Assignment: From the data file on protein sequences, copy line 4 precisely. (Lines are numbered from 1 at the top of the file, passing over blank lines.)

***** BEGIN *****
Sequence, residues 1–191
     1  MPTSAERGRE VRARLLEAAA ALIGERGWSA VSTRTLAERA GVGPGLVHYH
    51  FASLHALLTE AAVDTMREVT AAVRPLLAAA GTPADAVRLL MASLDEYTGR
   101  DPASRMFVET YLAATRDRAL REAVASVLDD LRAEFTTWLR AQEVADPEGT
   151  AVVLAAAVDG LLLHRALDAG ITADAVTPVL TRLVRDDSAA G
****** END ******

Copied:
   101  DPASRMFVET YLAATRDRAL REAVASVLDD LRAEFTTWLR AQEVADPEGT